Physics | ; Simulation, Learning

High-Fidelity Gyrokinetic Simulation of Tokamak and ITER Edge Physics

PI: Choong-Seock Chang, Princeton Plasma Physics Laboratory

AWARD: INCITE, Aurora Early Science Program

Frequency-wavenumber spectrum of nonlinear edge turbulence just before L-H bifurcation. The pedestal profile is still evolving, and the turbulence has not reached its peak. Image: C. S. Chang, Princeton Plasma Physics Laboratory

This multi-year INCITE and ESP project seeks to advance our understanding of the edge plasma physics in fusion reactors, with a focus on ITER, and to assemble a burning plasma experiment that can demonstrate the scientific and technological feasibility of fusion.


The INCITE team is performing studies on two high-priority challenges: (1) quantifying the narrowness of the heat-flux width on the ITER divertor material plates in the high-confinement mode (H-mode) operation during tenfold energy gain operation; and (2) understanding the basic physics behind the low-to-high mode L-H transition and pedestal formation at the edge, which is necessary to achieve a tenfold energy gain in ITER.


The researchers are using the 5D gyrokinetic particle-in-cell code XGC on DOE leadership computing resources to address some of the most difficult plasma physics questions facing ITER. The team used this extreme-scale modeling code to solve kinetic equations for the tokamak edge by modeling plasma with a large number of particles. Predictions from XGC for the low-to-high mode transition revealed that a heavier-mass plasma can allow an easier transition to the high mode operation that is necessary for ITER to achieve its goal, in which a strongly sheared plasma flow suppresses edge turbulence. To be more specific, the L-H transition could occur more easily in a heavier plasma, due to a stronger mean plasma-flow effect, without the necessity for a significant turbulence energy transfer to the plasma-flow. A new electromagnetic solver algorithm has been developed for higher fidelity studies of the ITER edge plasma.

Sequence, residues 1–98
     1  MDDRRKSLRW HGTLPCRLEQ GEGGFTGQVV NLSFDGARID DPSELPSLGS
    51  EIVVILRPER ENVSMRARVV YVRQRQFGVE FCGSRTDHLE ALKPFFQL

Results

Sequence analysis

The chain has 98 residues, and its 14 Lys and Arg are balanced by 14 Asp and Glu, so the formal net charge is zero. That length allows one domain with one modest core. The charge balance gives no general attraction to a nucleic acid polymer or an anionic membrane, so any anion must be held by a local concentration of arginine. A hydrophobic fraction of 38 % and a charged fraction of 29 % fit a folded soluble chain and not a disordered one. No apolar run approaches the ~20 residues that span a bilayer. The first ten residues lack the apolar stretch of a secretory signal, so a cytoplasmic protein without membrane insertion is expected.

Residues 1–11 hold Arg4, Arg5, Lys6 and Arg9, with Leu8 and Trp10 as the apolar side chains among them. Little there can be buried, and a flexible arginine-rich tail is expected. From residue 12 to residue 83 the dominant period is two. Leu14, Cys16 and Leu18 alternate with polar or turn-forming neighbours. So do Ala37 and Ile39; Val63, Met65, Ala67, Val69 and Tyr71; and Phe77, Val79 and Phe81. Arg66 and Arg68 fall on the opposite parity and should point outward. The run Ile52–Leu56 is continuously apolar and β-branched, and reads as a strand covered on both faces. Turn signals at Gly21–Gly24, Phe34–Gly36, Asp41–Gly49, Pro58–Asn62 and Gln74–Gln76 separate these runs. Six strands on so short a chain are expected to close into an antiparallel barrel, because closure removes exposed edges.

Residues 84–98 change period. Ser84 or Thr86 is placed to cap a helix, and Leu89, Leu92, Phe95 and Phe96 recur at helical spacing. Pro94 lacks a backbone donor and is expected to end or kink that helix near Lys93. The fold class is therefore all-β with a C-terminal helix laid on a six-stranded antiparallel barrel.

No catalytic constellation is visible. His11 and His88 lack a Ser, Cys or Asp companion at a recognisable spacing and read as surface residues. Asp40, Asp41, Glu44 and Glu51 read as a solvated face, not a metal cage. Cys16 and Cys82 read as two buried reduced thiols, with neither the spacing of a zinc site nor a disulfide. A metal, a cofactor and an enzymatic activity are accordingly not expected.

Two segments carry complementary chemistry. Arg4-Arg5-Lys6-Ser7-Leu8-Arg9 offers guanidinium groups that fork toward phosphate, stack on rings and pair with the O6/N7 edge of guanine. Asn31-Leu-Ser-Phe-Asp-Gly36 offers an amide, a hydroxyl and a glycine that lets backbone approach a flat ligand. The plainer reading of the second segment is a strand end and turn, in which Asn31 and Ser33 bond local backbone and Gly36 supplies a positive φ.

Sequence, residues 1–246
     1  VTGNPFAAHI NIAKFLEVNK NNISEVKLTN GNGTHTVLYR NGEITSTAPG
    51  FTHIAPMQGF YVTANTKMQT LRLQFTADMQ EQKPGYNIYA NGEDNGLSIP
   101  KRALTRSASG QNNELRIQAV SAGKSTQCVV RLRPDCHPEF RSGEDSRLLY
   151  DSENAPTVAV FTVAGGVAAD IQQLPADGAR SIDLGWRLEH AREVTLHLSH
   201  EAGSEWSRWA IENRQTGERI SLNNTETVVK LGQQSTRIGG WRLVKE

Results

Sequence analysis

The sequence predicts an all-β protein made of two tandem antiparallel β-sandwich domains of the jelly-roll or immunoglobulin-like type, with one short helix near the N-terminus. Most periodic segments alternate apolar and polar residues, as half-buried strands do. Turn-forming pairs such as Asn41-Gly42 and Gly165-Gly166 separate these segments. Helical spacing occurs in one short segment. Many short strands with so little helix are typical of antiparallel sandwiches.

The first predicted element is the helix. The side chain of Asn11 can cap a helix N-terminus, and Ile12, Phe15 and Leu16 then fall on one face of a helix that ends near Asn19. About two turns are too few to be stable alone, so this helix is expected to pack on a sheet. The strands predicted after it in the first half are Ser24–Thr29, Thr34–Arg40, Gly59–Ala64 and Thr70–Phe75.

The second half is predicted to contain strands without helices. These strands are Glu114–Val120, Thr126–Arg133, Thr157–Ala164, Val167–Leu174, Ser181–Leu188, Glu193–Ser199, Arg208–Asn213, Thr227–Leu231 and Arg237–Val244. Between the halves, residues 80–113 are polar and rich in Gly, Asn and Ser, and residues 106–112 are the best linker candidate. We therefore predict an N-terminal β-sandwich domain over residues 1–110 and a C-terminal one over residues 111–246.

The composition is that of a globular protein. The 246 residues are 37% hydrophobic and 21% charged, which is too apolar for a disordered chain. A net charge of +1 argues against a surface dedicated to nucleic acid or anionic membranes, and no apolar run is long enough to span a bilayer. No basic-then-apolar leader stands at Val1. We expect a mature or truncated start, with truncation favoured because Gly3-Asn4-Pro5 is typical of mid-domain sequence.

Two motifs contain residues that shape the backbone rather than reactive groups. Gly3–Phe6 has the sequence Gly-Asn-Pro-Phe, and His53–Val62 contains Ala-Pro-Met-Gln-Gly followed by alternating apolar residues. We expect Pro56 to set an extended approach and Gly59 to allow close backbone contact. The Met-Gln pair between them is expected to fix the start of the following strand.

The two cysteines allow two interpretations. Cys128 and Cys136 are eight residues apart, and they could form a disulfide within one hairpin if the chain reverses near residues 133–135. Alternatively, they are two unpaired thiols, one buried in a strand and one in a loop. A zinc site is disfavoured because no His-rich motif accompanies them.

The team’s new electromagnetic solver results were described in a paper published in Physics of Plasma. A simplified delta-f mixed-variable/pull-back electromagnetic simulation algorithm implemented in XGC for core plasma simulations was generalized to a total-f electromagnetic algorithm able to include—for the first time—the boundary plasma in diverted magnetic geometry with neutral particle recycling, turbulence, and neoclassical physics. It is confirmed that electromagnetic simulation is necessary for a higher-fidelity understanding of the tokamak edge physics in the presence of the divertor and magnetic separatrix.


Establishing an accurate predictive formula for the exhaust heat-load width and low-to-high mode transition of future doughnut-shaped tokamak fusion reactors can help enable researchers to progress faster toward the goal of 0.5 GW of fusion power production from 50 MW of input power in ITER. More accurate understanding and prediction can also help inform more reliable designs for future fusion reactors, which currently suffer from the limitation imposed by exhaust heat-load width on the divertor plates and the required L-H transition power.